Got $500 to Invest in Stocks? Put it in These Index Funds

Whether you’re low or high risk, there’s an index fund for you that can put your $500 straight to work.

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If you’re new to investing, then one of the best places to start is by investing in an index fund. Even just $500 can make a huge difference while you figure out where you want to invest more of your savings.

That being said, there are so many index funds to choose from. This is why today we’re going to look at some considerations for different types of investors. Then, we’ll find some index funds that will ensure lower risk for that $500 while making it earn as much as possible.

Low risk

If you’re on the lower-risk side of the spectrum, then you’re going to want to identify index funds that typically focus on the tracking of broader market indexes with a history of stability. This would include funds from around the world, such as the S&P 500 or the TSX 60.

For lower-risk investors, it could be a good idea to invest in Vanguard S&P 500 Index ETF (TSX:VFV). This exchange-traded fund (ETF) tracks the performance of the overall S&P 500. The company also uses a different approach than other ETFs. Instead of focusing on owning the direct companies tracked in the S&P 500, it holds a “funds of funds” approach.

This is where the company invests in other United States-listed S&P 500 ETFs, gaining even more overall exposure. This can lead to even less risk for investors. As well, the ETF is well known for its low management expense ratios, putting that $500 to good use while not taking away much of that cash through fees at all. And with shares up 12% year to date and a yield of 1.08%, it’s a great buy for low-risk investors.

Medium risk

If you’re on the medium-risk side, you likely have time on your side. Younger investors may want to take this approach, as the market tends upwards over time. So, while you don’t want your investments to be up and down like a yo-yo, you do have time to see some recovery.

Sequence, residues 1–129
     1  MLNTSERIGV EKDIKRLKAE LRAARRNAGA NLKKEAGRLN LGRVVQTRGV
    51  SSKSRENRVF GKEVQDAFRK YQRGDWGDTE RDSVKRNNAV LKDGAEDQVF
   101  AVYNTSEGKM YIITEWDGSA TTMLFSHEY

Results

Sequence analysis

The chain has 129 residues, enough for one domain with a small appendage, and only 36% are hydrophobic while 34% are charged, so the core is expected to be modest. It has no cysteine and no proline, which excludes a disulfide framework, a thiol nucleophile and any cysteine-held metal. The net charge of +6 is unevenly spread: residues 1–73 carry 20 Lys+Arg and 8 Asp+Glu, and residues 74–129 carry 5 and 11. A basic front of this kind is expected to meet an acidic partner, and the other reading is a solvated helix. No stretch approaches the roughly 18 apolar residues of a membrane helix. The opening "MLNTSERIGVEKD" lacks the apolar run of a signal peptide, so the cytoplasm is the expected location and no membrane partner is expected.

In this case, you’ll want an index fund that offers a balance between potential returns and volatility. For this, you may want to consider a mid-cap index fund. These funds track the performance of mid-sized companies, falling between large- and small-cap stocks in terms of market capitalization. You can, therefore, achieve a blend of growth potential and stability, making them perfect for medium-risk investors.

A great option in this case is BMO S&P US Mid Cap Index ETF (TSX:ZMID). This ETF seeks to track the S&P MidCap 400 Index. It, therefore, provides overall exposure to the United States mid-cap companies. While not focused on Canadian companies, it can provide you with a pure mid-cap play. Shares are already up 9.6% year to date, with a 1.5% yield. It also provides you with more diversification as a purely U.S. play outside of Canadian stocks.

Higher risk

If you want growth and you want it now, then you might be willing to put $500 towards a higher-risk investment. This would mean finding growth opportunities that come with increased volatility. But with a smaller amount invested, it means you have smaller to lose and could gain quite a lot!

In this case, emerging markets index funds are a strong choice. These are countries with rapidly growing economies and developing financial markets. Investing here would provide exposure to companies and industries with significant growth potential. But, of course, they come with volatility, such as political instability or currency fluctuations.

Even so, there are some strong options such as iShares MSCI Emerging Markets IMI ETF (TSX:XEC). This seeks to track the performance of the MSCI Emerging Markets Investable Market Index. It includes large, mid, and small-cap companies from emerging markets worldwide. It’s been doing well also, with shares up 6.6% year to date, and a 2.06% dividend yield. While there’s been more fluctuation, major gains could be seen for today’s investors looking for faster cash.

This article represents the opinion of the writer, who may disagree with the “official” recommendation position of a Motley Fool premium service or advisor. We’re Motley! Questioning an investing thesis — even one of our own — helps us all think critically about investing and make decisions that help us become smarter, happier, and richer, so we sometimes publish articles that may not be in line with recommendations, rankings or other content.

Fool contributor Amy Legate-Wolfe has no position in any of the stocks mentioned. The Motley Fool has no position in any of the stocks mentioned. The Motley Fool has a disclosure policy.

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